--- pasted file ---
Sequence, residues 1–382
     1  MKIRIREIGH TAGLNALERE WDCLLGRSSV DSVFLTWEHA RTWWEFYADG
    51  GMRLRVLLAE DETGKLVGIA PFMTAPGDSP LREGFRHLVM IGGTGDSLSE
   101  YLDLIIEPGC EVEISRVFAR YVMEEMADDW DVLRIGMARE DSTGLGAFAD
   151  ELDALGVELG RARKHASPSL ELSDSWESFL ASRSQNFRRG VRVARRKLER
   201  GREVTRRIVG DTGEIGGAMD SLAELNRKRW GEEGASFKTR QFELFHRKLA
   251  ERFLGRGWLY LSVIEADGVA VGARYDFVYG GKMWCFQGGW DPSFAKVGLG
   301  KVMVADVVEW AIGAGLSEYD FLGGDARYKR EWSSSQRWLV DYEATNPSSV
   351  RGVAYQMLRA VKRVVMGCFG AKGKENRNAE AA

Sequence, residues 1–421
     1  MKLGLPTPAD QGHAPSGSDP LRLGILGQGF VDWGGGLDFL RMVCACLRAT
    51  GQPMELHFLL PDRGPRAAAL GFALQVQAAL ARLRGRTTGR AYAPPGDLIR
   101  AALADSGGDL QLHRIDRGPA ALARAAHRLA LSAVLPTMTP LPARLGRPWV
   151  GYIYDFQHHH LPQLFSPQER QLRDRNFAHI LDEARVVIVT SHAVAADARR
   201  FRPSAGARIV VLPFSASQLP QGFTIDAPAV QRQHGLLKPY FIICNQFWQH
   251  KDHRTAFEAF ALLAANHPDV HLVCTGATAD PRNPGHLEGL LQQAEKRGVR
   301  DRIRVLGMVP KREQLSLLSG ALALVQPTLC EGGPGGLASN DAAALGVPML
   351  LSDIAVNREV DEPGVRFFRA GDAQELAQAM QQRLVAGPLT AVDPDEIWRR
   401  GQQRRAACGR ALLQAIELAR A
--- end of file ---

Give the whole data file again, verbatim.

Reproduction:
Sequence, residues 1–382
     1  MKIRIREIGH TAGLNALERE WDCLLGRSSV DSVFLTWEHA RTWWEFYADG
    51  GMRLRVLLAE DETGKLVGIA PFMTAPGDSP LREGFRHLVM IGGTGDSLSE
   101  YLDLIIEPGC EVEISRVFAR YVMEEMADDW DVLRIGMARE DSTGLGAFAD
   151  ELDALGVELG RARKHASPSL ELSDSWESFL ASRSQNFRRG VRVARRKLER
   201  GREVTRRIVG DTGEIGGAMD SLAELNRKRW GEEGASFKTR QFELFHRKLA
   251  ERFLGRGWLY LSVIEADGVA VGARYDFVYG GKMWCFQGGW DPSFAKVGLG
   301  KVMVADVVEW AIGAGLSEYD FLGGDARYKR EWSSSQRWLV DYEATNPSSV
   351  RGVAYQMLRA VKRVVMGCFG AKGKENRNAE AA

Sequence, residues 1–421
     1  MKLGLPTPAD QGHAPSGSDP LRLGILGQGF VDWGGGLDFL RMVCACLRAT
    51  GQPMELHFLL PDRGPRAAAL GFALQVQAAL ARLRGRTTGR AYAPPGDLIR
   101  AALADSGGDL QLHRIDRGPA ALARAAHRLA LSAVLPTMTP LPARLGRPWV
   151  GYIYDFQHHH LPQLFSPQER QLRDRNFAHI LDEARVVIVT SHAVAADARR
   201  FRPSAGARIV VLPFSASQLP QGFTIDAPAV QRQHGLLKPY FIICNQFWQH
   251  KDHRTAFEAF ALLAANHPDV HLVCTGATAD PRNPGHLEGL LQQAEKRGVR
   301  DRIRVLGMVP KREQLSLLSG ALALVQPTLC EGGPGGLASN DAAALGVPML
   351  LSDIAVNREV DEPGVRFFRA GDAQELAQAM QQRLVAGPLT AVDPDEIWRR
   401  GQQRRAACGR ALLQAIELAR A